Ana’s imagination militates against entrapment, but like the imagination of a subversive artist grappling with a monster in Franco’s Spain, it is imperiling. It eventually brings on a trauma that echoes the national trauma of the late war and Francoism.
Whether you watch it indoors or out, The Spirit of the Beehive is a haunting film—once seen, never forgotten. Every adult who, as a child, stepped out of bounds and tempted fate, will identify with little Ana—and perhaps with Ana Torrent, the now middle-aged actress, who is unable to shake the experience of playing the little girl.
This much is made clear by Torrent’s participation in a Spanish documentary about the making of the movie that appears among the extras on the Criterion Collection DVD of the film. It shows Torrent returning to Ana’s family’s house in the village many years later. Didn’t she know you should never go back?
The Summer 2018 Socrates Social Park Outdoor Cinema screenings begin at sundown. Pre-screening performances begin at 7pm. Admission is free. This is the lineup of films:
July 11: Monsoon Wedding (India)
July 18: Black Mother (USA/Jamaica)
July 25: The Young Girls of Rochefort (France)
August 1: Loveling (Brazil)
August 8: The Spirit of the Beehive (Spain)
August 15: Tampopo (Japan)
August 22: Kedi (Turkey)
August 29: The Passionate Thief (Italy)
Volcanic Iceland Epic Trip
meet our Local Insider
HOW LONG HAVE YOU BEEN A GUIDE?
WHAT DO YOU LOVE ABOUT YOUR JOB?
It's the personal contact, the personal experiences. I love meeting people from all over the world... I really like getting to know everyone and feeling like I'm traveling with a group of friends.
WHAT DESTINATION IS ON YOUR TRAVEL BUCKET-LIST?
I have so many places on my list, but I would really lobe to go to Africa. I consider myself an “adventure girl” and Africa feels like the ULTIMATE adventure!
Every CULTURE TRIP Small-group adventure is led by a Local Insider just like Hanna.
KEEN TO EXPLORE THE WORLD?
Connect with like-minded people on our premium trips curated by local insiders and with care for the world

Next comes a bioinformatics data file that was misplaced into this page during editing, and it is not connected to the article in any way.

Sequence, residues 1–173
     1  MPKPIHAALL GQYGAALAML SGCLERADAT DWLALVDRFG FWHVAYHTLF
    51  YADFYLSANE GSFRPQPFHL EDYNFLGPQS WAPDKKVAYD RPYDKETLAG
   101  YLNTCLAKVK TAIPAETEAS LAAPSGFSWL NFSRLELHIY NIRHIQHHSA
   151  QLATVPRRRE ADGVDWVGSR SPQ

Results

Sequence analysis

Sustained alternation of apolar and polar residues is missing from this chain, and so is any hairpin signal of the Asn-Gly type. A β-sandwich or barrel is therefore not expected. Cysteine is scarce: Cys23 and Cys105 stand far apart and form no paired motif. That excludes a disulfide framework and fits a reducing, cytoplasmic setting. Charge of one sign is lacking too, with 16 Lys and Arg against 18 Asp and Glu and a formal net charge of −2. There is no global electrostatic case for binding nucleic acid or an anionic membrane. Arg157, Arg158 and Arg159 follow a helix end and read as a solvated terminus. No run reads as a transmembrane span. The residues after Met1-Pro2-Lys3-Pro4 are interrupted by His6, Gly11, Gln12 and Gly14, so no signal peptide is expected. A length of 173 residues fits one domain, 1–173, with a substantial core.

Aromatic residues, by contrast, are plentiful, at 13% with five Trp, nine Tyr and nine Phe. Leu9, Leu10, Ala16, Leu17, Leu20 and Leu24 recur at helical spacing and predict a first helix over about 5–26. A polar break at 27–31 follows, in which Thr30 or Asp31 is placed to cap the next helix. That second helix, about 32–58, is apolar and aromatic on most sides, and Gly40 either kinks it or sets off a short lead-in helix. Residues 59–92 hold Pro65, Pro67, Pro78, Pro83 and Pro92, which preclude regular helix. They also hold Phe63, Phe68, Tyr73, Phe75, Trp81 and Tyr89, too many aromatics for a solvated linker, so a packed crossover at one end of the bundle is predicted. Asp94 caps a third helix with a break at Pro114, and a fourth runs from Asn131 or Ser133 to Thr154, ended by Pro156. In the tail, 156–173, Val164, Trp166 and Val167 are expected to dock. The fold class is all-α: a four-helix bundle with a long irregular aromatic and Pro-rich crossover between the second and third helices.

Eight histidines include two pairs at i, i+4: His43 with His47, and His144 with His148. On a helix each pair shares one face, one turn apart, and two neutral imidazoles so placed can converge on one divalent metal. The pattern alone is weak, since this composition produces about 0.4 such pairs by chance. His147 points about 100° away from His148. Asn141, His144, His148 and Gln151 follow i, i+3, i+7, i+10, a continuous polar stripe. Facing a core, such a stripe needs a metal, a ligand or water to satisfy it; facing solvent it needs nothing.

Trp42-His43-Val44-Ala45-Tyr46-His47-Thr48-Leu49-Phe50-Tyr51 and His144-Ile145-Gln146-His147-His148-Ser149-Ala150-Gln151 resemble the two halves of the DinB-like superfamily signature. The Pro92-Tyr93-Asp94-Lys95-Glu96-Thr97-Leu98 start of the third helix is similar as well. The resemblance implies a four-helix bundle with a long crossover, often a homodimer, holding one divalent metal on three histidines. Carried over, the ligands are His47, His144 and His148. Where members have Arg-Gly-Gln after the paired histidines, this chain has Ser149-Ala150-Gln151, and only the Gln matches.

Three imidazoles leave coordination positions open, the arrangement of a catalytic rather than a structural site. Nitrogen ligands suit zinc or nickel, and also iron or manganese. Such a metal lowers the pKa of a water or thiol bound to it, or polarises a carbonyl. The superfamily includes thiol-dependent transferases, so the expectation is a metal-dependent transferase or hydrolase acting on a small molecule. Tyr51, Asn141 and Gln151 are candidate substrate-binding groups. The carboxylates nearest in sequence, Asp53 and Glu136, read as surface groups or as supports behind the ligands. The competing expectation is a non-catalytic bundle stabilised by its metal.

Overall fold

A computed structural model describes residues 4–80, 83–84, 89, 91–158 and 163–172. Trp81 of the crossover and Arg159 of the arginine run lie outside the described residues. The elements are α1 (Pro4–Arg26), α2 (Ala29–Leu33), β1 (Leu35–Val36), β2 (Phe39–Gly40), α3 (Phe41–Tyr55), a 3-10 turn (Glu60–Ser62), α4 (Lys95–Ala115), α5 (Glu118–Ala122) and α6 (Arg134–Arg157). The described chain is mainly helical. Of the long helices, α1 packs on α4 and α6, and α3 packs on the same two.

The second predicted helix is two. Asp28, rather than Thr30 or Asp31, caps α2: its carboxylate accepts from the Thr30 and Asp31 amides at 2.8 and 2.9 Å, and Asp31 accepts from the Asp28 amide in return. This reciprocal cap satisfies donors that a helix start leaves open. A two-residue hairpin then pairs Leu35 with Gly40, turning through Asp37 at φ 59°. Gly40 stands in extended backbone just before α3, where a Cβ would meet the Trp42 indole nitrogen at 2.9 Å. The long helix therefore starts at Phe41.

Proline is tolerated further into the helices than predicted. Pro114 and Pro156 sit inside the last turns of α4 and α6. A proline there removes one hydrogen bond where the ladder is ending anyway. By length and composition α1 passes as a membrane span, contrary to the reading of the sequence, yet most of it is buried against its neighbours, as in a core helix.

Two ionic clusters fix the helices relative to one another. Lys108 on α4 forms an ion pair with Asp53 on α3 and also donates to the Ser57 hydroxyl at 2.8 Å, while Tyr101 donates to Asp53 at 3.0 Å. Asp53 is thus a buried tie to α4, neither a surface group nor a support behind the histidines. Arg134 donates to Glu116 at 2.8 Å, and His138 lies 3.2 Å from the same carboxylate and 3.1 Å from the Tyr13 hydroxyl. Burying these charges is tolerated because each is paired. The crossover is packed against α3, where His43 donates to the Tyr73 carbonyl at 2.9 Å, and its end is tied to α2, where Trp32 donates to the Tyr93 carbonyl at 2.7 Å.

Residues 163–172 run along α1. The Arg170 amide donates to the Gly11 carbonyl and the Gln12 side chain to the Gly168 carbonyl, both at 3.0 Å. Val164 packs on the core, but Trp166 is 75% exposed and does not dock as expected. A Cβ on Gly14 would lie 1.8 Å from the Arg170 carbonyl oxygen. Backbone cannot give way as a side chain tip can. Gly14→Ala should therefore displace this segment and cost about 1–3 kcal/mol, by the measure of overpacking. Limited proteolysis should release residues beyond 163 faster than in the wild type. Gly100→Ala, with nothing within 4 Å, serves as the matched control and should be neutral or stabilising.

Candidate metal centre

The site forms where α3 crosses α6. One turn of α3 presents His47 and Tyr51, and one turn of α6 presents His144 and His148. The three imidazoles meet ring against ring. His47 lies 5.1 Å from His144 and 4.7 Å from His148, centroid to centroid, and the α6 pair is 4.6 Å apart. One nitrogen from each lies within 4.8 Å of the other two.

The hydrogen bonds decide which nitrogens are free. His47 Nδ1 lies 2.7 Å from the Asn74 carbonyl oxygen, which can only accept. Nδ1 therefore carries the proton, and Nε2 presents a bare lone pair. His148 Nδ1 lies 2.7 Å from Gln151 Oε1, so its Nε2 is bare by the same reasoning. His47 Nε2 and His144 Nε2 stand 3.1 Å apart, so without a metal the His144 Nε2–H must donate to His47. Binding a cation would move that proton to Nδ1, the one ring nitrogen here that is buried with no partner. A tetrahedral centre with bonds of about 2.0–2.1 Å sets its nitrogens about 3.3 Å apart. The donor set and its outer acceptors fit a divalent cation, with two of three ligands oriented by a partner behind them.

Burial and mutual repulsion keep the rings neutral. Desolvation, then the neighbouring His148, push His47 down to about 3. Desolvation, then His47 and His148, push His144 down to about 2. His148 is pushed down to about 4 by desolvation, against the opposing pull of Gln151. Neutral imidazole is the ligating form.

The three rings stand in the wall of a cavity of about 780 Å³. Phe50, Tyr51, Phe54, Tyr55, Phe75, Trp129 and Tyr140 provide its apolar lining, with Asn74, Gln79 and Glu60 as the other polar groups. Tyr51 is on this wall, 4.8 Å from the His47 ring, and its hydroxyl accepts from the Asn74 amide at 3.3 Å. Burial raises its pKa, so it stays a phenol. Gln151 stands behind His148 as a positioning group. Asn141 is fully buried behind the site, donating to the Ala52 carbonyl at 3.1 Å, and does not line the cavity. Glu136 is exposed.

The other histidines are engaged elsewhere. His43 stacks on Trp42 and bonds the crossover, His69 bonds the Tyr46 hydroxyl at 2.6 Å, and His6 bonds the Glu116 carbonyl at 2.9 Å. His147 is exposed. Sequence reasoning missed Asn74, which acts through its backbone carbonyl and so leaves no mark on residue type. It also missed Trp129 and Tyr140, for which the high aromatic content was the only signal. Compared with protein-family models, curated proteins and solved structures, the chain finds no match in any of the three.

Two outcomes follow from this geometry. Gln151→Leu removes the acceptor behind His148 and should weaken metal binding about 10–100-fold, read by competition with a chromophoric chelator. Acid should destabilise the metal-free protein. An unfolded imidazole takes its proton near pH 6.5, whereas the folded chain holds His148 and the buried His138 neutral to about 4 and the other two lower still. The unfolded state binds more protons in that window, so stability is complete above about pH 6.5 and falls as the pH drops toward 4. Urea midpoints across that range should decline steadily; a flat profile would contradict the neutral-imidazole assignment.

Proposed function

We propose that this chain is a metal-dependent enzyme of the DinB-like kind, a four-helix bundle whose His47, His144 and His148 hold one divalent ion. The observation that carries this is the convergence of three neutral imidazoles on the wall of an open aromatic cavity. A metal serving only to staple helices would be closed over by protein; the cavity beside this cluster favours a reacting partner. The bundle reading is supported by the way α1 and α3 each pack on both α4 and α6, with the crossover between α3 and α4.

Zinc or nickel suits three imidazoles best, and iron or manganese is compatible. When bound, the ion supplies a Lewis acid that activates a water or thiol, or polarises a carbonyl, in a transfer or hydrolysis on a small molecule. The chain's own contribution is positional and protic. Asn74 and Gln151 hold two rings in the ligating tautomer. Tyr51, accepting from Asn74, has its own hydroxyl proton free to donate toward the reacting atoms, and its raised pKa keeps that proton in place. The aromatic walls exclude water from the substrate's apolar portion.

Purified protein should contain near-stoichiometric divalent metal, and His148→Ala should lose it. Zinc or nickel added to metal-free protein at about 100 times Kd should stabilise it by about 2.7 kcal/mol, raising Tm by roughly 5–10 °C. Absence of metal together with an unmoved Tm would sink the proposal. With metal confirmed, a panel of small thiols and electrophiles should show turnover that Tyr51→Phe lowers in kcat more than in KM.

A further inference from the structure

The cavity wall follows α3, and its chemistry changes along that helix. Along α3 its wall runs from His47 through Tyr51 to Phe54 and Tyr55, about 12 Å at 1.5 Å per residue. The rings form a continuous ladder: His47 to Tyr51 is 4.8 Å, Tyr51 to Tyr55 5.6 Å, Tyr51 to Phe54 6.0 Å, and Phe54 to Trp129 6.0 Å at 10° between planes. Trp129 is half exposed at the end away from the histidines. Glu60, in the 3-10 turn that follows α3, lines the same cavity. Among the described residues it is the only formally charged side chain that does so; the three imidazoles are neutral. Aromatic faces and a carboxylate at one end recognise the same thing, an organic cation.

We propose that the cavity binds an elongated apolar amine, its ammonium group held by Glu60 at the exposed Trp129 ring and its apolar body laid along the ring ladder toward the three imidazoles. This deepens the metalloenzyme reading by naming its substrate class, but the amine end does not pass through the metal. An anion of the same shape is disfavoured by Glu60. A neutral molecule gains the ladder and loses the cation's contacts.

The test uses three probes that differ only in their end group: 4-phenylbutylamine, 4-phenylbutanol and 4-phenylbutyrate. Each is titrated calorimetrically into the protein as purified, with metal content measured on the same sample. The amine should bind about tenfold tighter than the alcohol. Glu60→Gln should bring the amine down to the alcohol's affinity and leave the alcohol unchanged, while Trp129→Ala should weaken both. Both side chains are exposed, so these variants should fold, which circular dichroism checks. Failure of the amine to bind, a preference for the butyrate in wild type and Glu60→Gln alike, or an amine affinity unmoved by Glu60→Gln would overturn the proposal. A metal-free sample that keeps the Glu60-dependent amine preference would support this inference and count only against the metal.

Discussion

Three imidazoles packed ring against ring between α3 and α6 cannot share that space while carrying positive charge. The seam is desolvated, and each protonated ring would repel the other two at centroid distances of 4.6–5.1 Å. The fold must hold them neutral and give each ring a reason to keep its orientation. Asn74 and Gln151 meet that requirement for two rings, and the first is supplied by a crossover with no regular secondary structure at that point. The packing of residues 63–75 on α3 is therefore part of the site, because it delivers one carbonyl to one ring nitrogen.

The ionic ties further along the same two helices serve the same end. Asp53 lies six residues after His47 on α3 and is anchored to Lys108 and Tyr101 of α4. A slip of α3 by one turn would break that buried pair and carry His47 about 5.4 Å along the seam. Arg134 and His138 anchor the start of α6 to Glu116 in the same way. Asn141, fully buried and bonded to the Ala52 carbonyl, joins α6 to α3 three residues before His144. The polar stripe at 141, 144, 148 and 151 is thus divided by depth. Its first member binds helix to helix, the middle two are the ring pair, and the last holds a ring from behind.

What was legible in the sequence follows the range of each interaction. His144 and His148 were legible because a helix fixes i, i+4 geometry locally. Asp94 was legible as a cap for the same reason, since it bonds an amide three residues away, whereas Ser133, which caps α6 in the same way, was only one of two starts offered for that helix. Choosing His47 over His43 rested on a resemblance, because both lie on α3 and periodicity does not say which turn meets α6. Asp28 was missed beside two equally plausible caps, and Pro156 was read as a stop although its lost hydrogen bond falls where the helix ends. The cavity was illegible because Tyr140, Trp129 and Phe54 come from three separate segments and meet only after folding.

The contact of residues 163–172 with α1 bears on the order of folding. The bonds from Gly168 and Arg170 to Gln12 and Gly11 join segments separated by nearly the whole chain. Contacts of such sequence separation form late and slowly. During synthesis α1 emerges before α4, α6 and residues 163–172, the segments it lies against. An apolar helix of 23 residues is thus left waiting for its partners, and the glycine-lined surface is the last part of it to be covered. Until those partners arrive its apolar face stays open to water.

Since you are here, we would like to share our vision for the future of travel - and the direction Culture Trip is moving in.
Culture Trip launched in 2011 with a simple yet passionate mission: to inspire people to go beyond their boundaries and experience what makes a place, its people and its culture special and meaningful — and this is still in our DNA today. We are proud that, for more than a decade, millions like you have trusted our award-winning recommendations by people who deeply understand what makes certain places and communities so special.
Increasingly we believe the world needs more meaningful, real-life connections between curious travellers keen to explore the world in a more responsible way. That is why we have intensively curated a collection of premium small-group trips as an invitation to meet and connect with new, like-minded people for once-in-a-lifetime experiences in three categories: Culture Trips, Rail Trips and Private Trips. Our Trips are suitable for both solo travelers, couples and friends who want to explore the world together.
Culture Trips are deeply immersive 5 to 16 days itineraries, that combine authentic local experiences, exciting activities and 4-5* accommodation to look forward to at the end of each day. Our Rail Trips are our most planet-friendly itineraries that invite you to take the scenic route, relax whilst getting under the skin of a destination. Our Private Trips are fully tailored itineraries, curated by our Travel Experts specifically for you, your friends or your family.
We know that many of you worry about the environmental impact of travel and are looking for ways of expanding horizons in ways that do minimal harm - and may even bring benefits. We are committed to go as far as possible in curating our trips with care for the planet. That is why all of our trips are flightless in destination, fully carbon offset - and we have ambitious plans to be net zero in the very near future.